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American Indian Slave Trade in the Colonial South

Native Americans living in the American Southeast were enslaved through warfare and purchased by European colonists in North America throughout the 17th, 18th, and 19th centuries, as well as held in captivity through Spanish-organized forced labor systems in Florida. Emerging British colonies in Virginia, Carolina (later, North and South Carolina), and Georgia imported Native Americans and incorporated them into chattel slavery systems, where they intermixed with slaves of African descent, who would eventually come to outnumber them. The settlers' demand for slaves affected communities as far west as present-day Illinois and the Mississippi River and as far south as the Gulf Coast. European settlers exported tens of thousands of enslaved Native Americans outside the region to New England and the Caribbean.

Natives were sometimes used as labor on plantations or as servants to wealthy colonist families, other times they were used as interpreters for European traders. The policies on the treatment and slavery of Native Americans varied from colony to colony in the Southeast. The Native American slave trade in the southeast relied on Native Americans trapping and selling other Natives into slavery; this trade between the colonists and the Native Americans had a profound effect on the shaping and nature of slavery in the Southeast.[1] While Natives enslaved other Natives prior to the contact with the European settlers, such Native slaves were held as personal servants or to perform other tasks, not as chattel slaves. Slaves were of little or no economic significance for Native societies.[2]

Following British settlement, a number of Native societies, armed with European firearms, oriented themselves around waging war to capture other Native people, selling them into chattel slavery. The Southeastern plantations that European settlers established greatly relied on the exploitation of enslaved human beings, with slaves comprising a key component of their workforce. The slave trade and warfare that facilitated it diminished the numbers of Native peoples in the region and drove many other Native societies to flee their homelands, breaking apart existing communities and eventually leading to a new map of peoples and ethnic groups in the region.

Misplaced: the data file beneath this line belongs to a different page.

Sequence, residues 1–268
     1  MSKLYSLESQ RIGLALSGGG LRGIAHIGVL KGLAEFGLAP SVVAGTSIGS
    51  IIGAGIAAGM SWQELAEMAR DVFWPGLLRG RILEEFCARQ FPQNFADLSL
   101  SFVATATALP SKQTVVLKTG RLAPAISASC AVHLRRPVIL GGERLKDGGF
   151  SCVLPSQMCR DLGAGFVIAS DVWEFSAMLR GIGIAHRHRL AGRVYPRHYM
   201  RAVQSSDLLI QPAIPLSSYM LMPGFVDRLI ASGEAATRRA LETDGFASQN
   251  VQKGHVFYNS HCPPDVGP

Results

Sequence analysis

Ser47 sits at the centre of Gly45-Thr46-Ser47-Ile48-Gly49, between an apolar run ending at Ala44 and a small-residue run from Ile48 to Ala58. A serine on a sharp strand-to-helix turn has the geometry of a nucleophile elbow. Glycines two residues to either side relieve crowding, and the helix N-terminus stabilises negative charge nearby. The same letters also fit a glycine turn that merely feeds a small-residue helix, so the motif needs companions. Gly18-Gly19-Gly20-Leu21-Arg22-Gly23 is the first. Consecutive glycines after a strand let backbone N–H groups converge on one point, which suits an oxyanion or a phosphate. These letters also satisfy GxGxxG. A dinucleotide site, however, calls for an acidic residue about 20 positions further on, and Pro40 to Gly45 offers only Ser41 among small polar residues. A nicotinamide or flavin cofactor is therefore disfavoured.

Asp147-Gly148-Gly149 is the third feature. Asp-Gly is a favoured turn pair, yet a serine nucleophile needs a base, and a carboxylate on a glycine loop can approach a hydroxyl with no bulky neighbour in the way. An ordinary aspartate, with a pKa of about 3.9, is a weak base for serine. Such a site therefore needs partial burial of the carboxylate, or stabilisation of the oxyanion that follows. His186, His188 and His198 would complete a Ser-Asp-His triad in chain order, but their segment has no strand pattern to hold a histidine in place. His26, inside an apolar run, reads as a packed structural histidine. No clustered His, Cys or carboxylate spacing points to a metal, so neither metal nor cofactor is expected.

Slavery existed in all societies worldwide from prehistory, see History of slavery for a global perspective and Slavery among the indigenous peoples of the Americas for information specific to that region. Slavery practices continued and evolved as Europeans came to North America in large numbers starting in the 1600s. In many cases the European colonists would trade with Native Americans: giving them goods and weapons, such as the flintlock musket, in exchange for beaver pelts and native people to be sold into slavery. One of the first groups to set up such agreements was the Westos, or Richehecrians, who originally came from the north into Virginia and are said to be descendants of the Erie. After an attempt to end the agreements the Savannah people filled the role previously held by the Westos; and eventually the role fell to the Yamasee and the Creek.

The captured Native Americans were brought to the Carolina colony to be sold, and were often then resold to the Caribbean, where they would be less likely to escape, or were resold to one of the other thirteen British colonies of North America.[3][4][5] This trade of slaves was not a very self-sustaining venture. Either the native population was being wiped out and those who were not being killed or captured became the captors; and as the population of natives available for capture dwindled then the captors began to fall into debt with the colonists whom they were trading with. This debt and frustration that began the Yamasee War of 1715, which would ultimately be one of the factors that lead to the demise of the trade system in the Carolinas.[6] The Florida peninsula was under the control of the Spanish Empire until 1763, when for 20 years it was a British colony, the Spanish taking over again in 1783. Prior to the British Florida interval, there was a period in the early 1700s during which Spanish Florida was a hotbed for the raiding natives from the northern Carolina and Georgia areas.

Though they were left alone for the most part by one of the original raiding groups, the Westos—who are said to be descendants of the Erie People, Spanish Florida was heavily targeted by the later raiding groups the Yamasee and Creek. These raids in which villages were destroyed and natives captured or killed drove the natives to the hands of the Spaniards, who protected them as best they could. However, the strength of the Spanish dwindled and as the raids continued, the Spanish and the natives were forced to retreat further down the peninsula.

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